Sept. 30, 2010 — -- Dozens of people in the U.S and Britain have been charged in a worldwide cyberscam that used the powerful Zeus Trojan virus to crack open bank accounts and divert millions of dollars to Eastern Europe.
The US Attorney for the Southern District of New York and the Manhattan D.A. charged 37 people Thursday, most of them Russian nationals, with stealing more than $3 million from small business and government accounts in the U.S. Another 19 suspects were arrested in London, and 11 were charged in the theft of $9.5 million from British banks. Estimates of the total amount stolen in both countries will probably increase as the year-long investigation continues.
While 20 of the New York suspects are in custody, another 17 remain at large.
"This advanced cybercrime ring is a disturbing example of organized crime in the 21st century – high tech and widespread," said Manhattan District Attorney Cy Vance Jr. "The far-reaching results of this investigation to date represent what people deserve: successful cooperation between city, state, federal and foreign law enforcement officials."
"As today's arrests show," said US Attorney Preet Bharara, "the modern, high-tech bank heist does not require a gun, a mask, a note, or a getaway car. It requires only the Internet and ingenuity."
New York Police Department Commissioner Ray Kelly said that after detectives in the Bronx investigated the suspicious withdrawal of $44,000, "it soon became evident that it was just the tip of an international iceberg."
The Zeus malware, which has traditionally targeted PCs but has now been updated to attack cell phones as well, is designed to steal bank account log-on credentials. It either lures the victim to click on a link in an e-mail or steers the victim to a web site hosting the malware, and then records keystrokes when the victim logs into various private accounts.
The Eastern European crime ring that was cracked by US, British, and Eastern European authorities used the virus to target accounts where large withdrawals were not unusual. To avoid electronically shifting those funds directly to Russia, so-called "money mules" opened accounts to receive the funds. According to state and federal authorities, the mules had often entered the US under student visas, and then were provided with passports under fake names to open the accounts.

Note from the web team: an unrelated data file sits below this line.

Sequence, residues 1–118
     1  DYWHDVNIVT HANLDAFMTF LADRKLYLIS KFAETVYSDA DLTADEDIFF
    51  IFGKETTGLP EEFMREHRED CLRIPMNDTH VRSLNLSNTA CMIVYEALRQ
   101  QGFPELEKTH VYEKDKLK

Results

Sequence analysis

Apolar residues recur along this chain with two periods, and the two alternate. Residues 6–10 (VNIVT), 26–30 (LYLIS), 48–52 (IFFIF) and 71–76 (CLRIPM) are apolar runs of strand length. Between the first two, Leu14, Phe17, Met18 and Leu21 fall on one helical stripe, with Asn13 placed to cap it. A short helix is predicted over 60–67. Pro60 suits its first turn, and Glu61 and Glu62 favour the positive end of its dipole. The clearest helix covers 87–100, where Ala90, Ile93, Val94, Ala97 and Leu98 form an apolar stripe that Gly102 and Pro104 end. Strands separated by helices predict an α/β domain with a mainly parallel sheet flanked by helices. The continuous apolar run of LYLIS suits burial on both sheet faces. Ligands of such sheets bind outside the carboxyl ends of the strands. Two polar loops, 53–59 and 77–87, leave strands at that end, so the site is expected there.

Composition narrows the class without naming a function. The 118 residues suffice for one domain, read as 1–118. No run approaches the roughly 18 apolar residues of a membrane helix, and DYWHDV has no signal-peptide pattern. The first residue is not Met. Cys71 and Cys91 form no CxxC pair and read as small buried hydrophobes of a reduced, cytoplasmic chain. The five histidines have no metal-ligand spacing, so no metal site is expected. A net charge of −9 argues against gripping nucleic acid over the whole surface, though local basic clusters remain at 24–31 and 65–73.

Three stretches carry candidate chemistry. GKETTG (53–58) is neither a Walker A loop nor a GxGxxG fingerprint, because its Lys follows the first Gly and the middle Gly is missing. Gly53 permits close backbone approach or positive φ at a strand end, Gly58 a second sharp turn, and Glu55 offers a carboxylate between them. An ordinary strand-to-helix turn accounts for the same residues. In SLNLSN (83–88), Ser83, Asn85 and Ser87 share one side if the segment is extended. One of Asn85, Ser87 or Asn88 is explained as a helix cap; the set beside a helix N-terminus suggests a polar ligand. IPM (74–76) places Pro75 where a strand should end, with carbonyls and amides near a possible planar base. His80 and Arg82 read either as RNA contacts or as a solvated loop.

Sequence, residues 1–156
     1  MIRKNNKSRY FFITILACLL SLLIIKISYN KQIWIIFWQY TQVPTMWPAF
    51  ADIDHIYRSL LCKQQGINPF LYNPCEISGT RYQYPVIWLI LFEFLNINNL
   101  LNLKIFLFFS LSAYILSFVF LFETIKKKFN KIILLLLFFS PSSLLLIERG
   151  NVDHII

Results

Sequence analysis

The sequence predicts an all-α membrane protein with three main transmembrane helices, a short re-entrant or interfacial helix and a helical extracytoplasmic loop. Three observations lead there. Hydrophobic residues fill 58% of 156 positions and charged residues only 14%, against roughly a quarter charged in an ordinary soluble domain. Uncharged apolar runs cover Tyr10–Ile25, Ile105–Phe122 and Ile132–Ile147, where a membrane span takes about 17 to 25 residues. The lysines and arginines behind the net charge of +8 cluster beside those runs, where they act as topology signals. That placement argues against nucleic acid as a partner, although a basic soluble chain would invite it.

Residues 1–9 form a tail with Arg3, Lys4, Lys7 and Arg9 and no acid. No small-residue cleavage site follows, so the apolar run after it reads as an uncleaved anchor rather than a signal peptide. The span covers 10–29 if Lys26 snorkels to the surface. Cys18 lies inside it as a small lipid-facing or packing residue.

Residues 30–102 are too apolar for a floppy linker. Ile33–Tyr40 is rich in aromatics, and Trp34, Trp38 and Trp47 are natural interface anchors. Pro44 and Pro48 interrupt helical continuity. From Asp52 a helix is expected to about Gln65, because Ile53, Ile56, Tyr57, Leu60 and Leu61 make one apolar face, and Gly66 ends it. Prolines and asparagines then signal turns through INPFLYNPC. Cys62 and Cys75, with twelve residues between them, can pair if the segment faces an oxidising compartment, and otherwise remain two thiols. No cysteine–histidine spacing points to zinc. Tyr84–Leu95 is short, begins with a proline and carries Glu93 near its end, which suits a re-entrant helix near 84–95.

"Once these false-name accounts were successfully opened," said a statement from the US Attorney's office, "and received the stolen funds from the accounts compromised by the malware attacks, the 'mules' were instructed to transfer the proceeds to other accounts, most of which were overseas, or to withdraw the proceeds and transport them overseas as smuggled bulk cash."
Though at least two-thirds of the alleged "mules," managers and recruiters charged in New York were Russian, at least seven were Moldovan. The 37 face federal charges that include money laundering, forgery, conspiracy to commit bank fraud, conspiracy to use false identification and use of false passports.
Spread by phishing schemes and drive-by downloads, the Zeus Trojan virus has been around since at least 2007, and is consistently described as very difficult to detect even by sophisticated anti-virus software. As a result, millions of computers are believed to be infected.
Recently, internet security experts have said that a new version of the malware appears to be targeting mobile phones -- intercepting SMS confirmations sent by banks to customers and defeating the fund transfer authentication codes.